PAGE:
LEAVE NO WOMAN BEHIND: The mum whose heart knows no limits
AS A woman who has taken the three daughters of her deceased best friend under her own wing, while caring for children of her own, the theme of this year's International Women's Day rang especially true for Warwick single mother Suzette Benz.
"Leave no woman behind" was the topic women across the globe reflected on yesterday, but it's a motto Ms Benz has lived by her whole life.
Running a dance school, moving house, working full time, caring for five children as a single mother, and all the while grieving the loss of her best friend, many are in awe of how Ms Benz holds it all together.
But like other resilient women throughout our country community, Ms Benz says sometimes you just have to make it work.
"There are plenty of times where you just want to fall on the floor in a heap and cry, but I think women know that people and kids rely on them and they soldier on."
But Ms Benz wouldn't be the person she is today without the central role model in her life.
A heart that big is something Ms Benz could only have inherited from her mother, Lorraine Goldspink.
From a young age, she was surrounded by an endless stream of kids her family took in as the operators of the EJ Portley Pool in Warwick.
"My mother would always have 50 different kids over, all having a pool party," Ms Benz recalls.
Just like Lorraine, there's always room for kids in Ms Benz' heart.
"If there is a child in need that's all that matters," she said.
"No one deserves to feel unloved and unwanted."
But her generosity really proved it had no limit when a tragic turn of events befell her best friend late last year.
In October 2017, one of Ms Benz' closest companions, Stacey Rodgers, was diagnosed with peritoneal mesothelioma, a rare and aggressive type of stomach cancer that took her life three months later.
As the single mother of three teenage daughters and two sons, the illness could not have been harder on Ms Rodgers.
But in the final stages of her life, the two families became so close they even merged under one roof, and Ms Benz's household doubled in size as she vowed to take care of Ms Rodgers's children when she passed away.
Two months after her friend's funeral, Ms Benz, Breanna, Jack, Emily, Natalie and Angela all are finding their footing in a new house and discovering solidarity in each other's companionship.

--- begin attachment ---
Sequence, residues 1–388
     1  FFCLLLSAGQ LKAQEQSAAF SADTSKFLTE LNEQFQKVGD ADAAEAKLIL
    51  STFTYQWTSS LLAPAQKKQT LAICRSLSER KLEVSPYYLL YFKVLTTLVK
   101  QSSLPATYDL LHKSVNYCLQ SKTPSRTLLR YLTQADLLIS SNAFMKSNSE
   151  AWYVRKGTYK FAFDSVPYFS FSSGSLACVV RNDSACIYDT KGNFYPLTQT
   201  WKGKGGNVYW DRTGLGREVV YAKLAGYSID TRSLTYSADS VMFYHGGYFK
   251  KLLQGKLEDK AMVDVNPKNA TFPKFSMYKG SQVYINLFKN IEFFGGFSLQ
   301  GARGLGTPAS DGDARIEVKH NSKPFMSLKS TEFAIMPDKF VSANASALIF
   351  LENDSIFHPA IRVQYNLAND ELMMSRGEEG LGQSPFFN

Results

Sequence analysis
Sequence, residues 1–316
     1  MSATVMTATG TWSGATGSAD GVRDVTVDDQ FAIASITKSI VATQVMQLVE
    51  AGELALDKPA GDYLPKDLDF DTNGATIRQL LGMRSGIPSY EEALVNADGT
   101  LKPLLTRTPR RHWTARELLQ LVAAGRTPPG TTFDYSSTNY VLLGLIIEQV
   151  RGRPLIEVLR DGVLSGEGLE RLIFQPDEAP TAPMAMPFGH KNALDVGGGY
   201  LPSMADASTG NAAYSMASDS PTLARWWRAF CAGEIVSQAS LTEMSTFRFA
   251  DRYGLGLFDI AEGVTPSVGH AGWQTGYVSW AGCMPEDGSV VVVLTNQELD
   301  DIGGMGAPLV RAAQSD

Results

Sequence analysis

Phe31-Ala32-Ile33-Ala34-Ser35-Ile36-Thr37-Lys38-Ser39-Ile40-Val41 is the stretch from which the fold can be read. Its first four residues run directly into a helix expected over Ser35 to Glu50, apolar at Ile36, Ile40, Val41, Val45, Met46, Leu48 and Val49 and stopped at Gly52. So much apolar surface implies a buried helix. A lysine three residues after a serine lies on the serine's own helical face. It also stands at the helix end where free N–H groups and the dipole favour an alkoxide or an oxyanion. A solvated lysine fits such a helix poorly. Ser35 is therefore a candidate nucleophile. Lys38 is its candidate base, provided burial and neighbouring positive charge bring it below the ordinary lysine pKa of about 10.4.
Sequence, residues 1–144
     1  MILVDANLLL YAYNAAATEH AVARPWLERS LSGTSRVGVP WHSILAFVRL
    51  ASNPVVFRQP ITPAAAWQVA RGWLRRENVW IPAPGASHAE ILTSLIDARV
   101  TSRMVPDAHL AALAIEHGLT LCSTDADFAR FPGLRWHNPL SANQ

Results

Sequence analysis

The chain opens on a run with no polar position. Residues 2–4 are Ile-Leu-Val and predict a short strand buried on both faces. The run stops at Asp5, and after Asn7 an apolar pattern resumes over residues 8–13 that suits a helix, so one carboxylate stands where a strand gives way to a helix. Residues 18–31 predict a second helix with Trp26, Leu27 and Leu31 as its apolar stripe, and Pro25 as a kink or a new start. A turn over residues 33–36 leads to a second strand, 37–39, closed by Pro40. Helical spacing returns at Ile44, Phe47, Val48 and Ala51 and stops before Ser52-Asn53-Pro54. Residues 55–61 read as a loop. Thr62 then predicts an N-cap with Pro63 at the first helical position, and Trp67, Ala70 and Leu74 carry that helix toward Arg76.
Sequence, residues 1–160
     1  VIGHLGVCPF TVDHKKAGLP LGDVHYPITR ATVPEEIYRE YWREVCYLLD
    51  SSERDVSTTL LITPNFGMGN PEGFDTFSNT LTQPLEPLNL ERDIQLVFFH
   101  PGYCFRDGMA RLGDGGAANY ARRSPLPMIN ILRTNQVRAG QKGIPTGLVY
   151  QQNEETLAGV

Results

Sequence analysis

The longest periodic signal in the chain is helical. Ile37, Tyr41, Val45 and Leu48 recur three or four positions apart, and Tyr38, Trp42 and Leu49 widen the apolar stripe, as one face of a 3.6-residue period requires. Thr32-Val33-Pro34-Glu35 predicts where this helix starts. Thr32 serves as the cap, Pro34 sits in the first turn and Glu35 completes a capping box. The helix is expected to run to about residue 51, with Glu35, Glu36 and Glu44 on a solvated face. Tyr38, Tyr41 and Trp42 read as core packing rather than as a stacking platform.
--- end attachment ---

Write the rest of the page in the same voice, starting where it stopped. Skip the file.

"Moving into a bigger house to accommodate us all has been a new beginning and a fresh start for us to all work as one," Ms Benz said.
And if there's anyone who knows how to make a house a home, it's Ms Benz.
"I remember Ange walked into our house on the first day and went 'oh my god look at all the food'... she was just rapt that the place was just home, we made it home straight away," she said.
Keeping the girls in town was vital.
"You go through a loss of losing your mother and to lose your town and your friends would just be too much to handle," Ms Benz said.
"They didn't want to leave town. They loved Warwick, this was home to them.
"They have their jobs and they have their netball and their friends.
"That was one thing Stacey always said... she had lived in so many different towns and had only been in Warwick for five years but this was home, she said this place felt right and the girls felt the same."
Sport has been a passion that in helping the whole family cope through this difficult part of their lives.
"The girls are really getting back into their sport and their mother would have loved to see how well they are doing," Ms Benz said.
"The whole netball crowd all rallied behind the kids... they have been very supportive."
Alongside running a family and working full time, Ms Benz also manages to head a fun-based, not-for-profit dance school.
She started Move School of Dance five years ago and still loves her afternoons teaching young children to jump for enjoyment and build confidence in their own skin.
"I love seeing the kids come in and they have their little outfits... it's cute and it's rewarding," she said.
"At the end of the day you know they are out enjoying themselves, not sitting in front of electronics."
As the guardian of four teenage girls, Ms Benz is all too familiar with the challenges social media presents to the younger generation.
"It is really hard on young girls these days," she said.
"My daughter was bullied a lot in school at one point, and that can lead into depression and anxiety and not wanting to go to school."
Ms Benz said the antidote to the pressures of society was guidance, acceptance and a lot of cuddles.
Luckily there's no shortage of the latter in Ms Benz' life, one of the upsides of being a single parent.
"It is hard not to have that person to turn to for help and vent but at the end of the day I get the extra love and support from the kids... so it sort of mellows itself out."
As people across the world have reflected on the resilience and solidarity of women, Ms Benz says she is all for equality but thinks women still have something different about them.
"We are kind-hearted and we are soft," she said.
"Everyone knows when you stub your toe you go to Mum for a hug."